8. Water hyacinth: is abundant in Assam and presently used as organic manure in dry or wet condition for jute and potatoes; mostly in Nagaon & Morigaon districts. The tea gardens of Assam have started using water hyacinth as mulching materials. Water Hyacinth is used as animal feed mostly for cows and buffalo in Assam. From July, 2008, (an initiative of NEDFI) water hyacinth is now being used for manufacturing of various Craft items for furniture and variety of interesting decorative items.

9. Craft from wood of tea bushes: The roots of dried tea bushes are used for production of various decorative products like table tops. These are found predominantly available in upper Assam region and have a very good market in Assam and all over India. This cottage industry involves skilled artisans.

10. Areca nut sheaths: There are more than 70000 hectares of areca nut plantation in Assam. Around 10 sheaths fall from each areca nut plant every year. Thus, there is abundant raw material available to produce eco plates, bowls, spoons and forks. These natural and attractive and easily moulded utensils can be used for serving food; are eco-friendly, bio-degradable, microwave usable, and can hold liquid for 4 to 6 hours. Raw material from Assam is feeding the production in the south of India.

11. Clay and Terracotta: The famous locations are Asharikandi in Dhubri district,Hajo( Chonmaguri) in Kamrup district, Majuli in Jorhat district. There are two traditional potter communities—Hira and Kumhar. The Kumhars use the wheel to create figurines of Gods and Godesses and toys. The Hira community uses the compression method and not the wheel to make house hold utensils. These are essentially made by the women of the Hira community. the men procure raw material and are involved in marketing.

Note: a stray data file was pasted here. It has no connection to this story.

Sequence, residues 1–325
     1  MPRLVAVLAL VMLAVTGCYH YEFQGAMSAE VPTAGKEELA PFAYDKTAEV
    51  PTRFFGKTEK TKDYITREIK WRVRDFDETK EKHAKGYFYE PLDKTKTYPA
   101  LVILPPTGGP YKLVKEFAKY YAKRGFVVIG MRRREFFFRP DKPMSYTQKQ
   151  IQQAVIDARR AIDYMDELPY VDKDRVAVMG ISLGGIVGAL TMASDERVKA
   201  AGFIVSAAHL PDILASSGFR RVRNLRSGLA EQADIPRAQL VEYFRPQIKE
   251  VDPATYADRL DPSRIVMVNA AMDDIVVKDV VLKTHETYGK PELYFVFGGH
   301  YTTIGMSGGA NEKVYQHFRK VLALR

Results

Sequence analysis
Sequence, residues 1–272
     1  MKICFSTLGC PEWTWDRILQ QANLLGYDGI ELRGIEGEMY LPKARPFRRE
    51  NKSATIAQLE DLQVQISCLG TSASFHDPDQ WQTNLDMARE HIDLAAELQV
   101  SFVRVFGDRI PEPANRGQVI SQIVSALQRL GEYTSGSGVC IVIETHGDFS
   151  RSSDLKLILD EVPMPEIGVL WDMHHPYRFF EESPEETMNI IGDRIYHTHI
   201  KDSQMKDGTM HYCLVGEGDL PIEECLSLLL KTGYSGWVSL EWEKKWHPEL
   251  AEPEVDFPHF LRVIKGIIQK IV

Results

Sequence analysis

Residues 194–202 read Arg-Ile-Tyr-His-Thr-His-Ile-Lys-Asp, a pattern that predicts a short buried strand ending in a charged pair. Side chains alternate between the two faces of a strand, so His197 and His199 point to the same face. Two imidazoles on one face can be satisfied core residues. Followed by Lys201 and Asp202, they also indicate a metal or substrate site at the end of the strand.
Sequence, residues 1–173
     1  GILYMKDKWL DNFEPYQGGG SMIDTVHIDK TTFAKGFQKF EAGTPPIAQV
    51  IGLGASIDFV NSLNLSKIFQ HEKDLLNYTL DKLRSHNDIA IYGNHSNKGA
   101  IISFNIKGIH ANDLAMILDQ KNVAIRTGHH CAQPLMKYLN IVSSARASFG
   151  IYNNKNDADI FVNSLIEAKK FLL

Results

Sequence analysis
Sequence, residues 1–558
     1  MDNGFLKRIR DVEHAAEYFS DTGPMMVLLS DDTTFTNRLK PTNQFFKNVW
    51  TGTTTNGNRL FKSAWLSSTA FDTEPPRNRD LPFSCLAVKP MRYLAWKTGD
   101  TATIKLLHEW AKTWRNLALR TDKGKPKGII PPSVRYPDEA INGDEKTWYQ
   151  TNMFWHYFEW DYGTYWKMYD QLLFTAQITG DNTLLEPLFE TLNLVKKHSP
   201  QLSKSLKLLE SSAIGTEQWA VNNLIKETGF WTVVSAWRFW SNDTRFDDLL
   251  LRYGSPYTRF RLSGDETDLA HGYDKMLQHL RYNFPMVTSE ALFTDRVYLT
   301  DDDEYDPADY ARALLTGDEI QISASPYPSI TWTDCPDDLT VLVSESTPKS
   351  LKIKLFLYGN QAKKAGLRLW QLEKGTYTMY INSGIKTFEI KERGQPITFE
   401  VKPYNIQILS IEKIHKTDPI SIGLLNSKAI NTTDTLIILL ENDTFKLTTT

12. Bell Metal Products of Assam: Bell Metal is an alloy of Copper and Tin in the ratio of 78%:22%, the tin content adds to the rigidity of the alloy whereas copper and tin are both highly malleable and ductile metals on their own. Bell Metal or bronze is resistant to oxidation, The combination of low internal damping and low internal sound velocity that makes it suitable for resonant or percussion instruments.

The main articles produced in Sarthebari Bell Metal craft can be divided into the following three categories:

(i) Utensils : “kanhi” (dish), “bati” (bowl),” ban bati” (bowl with stand), “ghoti” “Koloh” (water vessel).

(ii) Utility Items: The utility items manufactured include “bota” (used for offering prasad and betel nut), “sorai” (used for religious purpose and to offer gifts to respected person), “tema” (box to keep ornaments & betel nut).

(iii) Items used for Musical and Religious Purposes: Apart from the utensils and utility items the artisans of the cluster also produce different types of Tals (Cymbals) used in religious ceremonies and as musical instruments in folk and traditional dances of Assam, Idols of different gods & goddesses made by cutting bell metal sheets and painting them. Besides these items, decorative items like flower vases, lamp stands, decorative clocks etc is also made in the cluster as per demand.